Oldenburg at MoMA

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The everyday world is often boring and mundane to the eye. Who cares about store fronts and discarded crates, sacking and packaging blowing down city streets?

In the late fifties and sixties the answer to that, in New York at any rate, was Claes Oldenburg.

The son of a Swedish diplomat brought up in Chicago, Oldenburg moved to New York to showcase his skills and pretty soon began creating sculptures from materials commonly found on the streets of his Lower East Side neighborhood.

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The results were radical and highly influential challenging our notions of what constituted sculpture. They are however, not the work for which he is best known.

Perhaps his most famous works are those associated with food. His recreations of the cakes found in the glass cases of bakery windows in New York and later in Paris, are classics.

My personal favorites are his gigantic soft sculptures of food like burgers, BLT’s and gateaux.

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The simplicity of his idea was radically out of step with the abstract expressionist aesthetic very much in vogue when he began in the fifties that emphasized the inner subconscious world of the artist rather than the crass commercialism that surrounded him.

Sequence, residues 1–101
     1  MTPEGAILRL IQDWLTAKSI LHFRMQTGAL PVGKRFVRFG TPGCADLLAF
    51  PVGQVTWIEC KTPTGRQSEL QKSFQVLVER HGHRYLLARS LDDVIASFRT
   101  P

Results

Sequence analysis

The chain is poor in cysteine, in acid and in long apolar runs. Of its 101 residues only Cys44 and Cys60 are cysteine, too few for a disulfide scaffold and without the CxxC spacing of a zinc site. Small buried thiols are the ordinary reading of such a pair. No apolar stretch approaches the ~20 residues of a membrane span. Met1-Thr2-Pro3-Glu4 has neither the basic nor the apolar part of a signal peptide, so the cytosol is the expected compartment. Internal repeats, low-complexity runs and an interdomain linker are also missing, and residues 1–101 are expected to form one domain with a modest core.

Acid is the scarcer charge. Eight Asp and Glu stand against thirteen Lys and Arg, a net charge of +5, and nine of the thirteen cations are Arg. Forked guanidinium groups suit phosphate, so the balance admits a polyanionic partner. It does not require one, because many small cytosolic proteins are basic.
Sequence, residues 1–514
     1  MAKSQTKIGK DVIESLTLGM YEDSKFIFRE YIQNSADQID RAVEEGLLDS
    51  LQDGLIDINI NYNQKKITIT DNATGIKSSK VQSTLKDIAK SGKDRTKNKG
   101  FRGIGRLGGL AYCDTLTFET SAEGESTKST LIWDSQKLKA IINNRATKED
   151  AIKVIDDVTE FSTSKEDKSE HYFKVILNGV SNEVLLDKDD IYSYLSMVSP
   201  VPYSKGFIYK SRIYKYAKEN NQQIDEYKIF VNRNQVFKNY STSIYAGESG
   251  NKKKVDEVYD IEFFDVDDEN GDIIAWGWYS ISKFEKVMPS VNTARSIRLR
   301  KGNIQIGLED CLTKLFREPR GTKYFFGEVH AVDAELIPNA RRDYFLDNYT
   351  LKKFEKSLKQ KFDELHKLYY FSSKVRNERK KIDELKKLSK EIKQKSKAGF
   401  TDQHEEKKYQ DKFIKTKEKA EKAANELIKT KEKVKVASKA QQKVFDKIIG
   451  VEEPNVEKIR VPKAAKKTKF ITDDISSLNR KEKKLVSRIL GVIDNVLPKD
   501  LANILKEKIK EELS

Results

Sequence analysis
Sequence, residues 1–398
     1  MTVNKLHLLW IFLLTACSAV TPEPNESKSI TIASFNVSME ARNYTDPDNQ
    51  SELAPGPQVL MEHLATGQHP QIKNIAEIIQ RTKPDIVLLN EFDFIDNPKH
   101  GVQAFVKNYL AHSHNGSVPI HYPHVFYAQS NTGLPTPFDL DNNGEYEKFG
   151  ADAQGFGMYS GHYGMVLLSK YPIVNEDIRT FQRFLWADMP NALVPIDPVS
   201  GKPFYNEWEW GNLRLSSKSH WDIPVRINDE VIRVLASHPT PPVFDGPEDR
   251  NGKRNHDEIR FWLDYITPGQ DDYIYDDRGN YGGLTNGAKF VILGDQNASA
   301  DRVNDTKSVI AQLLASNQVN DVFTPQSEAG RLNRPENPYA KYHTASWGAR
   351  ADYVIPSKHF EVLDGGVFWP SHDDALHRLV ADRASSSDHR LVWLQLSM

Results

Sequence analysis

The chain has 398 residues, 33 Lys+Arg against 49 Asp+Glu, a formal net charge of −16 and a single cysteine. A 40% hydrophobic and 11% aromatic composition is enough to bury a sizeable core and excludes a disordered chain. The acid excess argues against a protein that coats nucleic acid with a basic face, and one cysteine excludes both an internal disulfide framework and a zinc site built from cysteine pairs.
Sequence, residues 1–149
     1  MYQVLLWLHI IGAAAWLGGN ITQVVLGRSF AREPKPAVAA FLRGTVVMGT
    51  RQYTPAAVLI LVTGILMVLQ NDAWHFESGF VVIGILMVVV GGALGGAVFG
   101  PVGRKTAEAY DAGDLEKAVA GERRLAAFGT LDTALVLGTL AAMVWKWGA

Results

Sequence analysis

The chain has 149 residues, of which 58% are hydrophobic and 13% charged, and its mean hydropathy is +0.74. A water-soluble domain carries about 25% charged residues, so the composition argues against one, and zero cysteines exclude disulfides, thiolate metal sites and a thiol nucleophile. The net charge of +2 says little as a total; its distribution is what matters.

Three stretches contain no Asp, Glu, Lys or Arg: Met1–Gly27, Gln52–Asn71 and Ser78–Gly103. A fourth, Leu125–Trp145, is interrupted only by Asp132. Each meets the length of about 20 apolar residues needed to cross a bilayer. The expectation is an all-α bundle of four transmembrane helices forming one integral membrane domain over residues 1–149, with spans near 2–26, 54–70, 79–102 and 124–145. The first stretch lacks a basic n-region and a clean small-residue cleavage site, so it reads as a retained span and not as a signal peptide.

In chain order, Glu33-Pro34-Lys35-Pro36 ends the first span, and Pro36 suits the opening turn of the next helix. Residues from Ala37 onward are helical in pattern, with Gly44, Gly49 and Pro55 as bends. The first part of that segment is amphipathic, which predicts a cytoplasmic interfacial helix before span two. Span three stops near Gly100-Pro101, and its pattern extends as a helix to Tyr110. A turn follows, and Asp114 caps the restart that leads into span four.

Commercialism clearly didn’t faze Oldenburg as he actually opened what he called ‘The Store’. This was a retail outlet no different from the stores in his neighborhood that sold his art as if it were selling hosiery or ice cream.

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Oldenburg’s work is often described as whimsical and fun but there’s a dark side to it too. His slightly abstract paintings of female underwear and signs declaring the prices of goods feel as if they belonged to some long ago emporium, abandoned by customers and left to rot.

The very familiarity of what we see reminds us of goods we buy today but are clearly in the styles of the past, bringing to our minds the passing of time that can’t be assuaged even by those things that seem unchanging.

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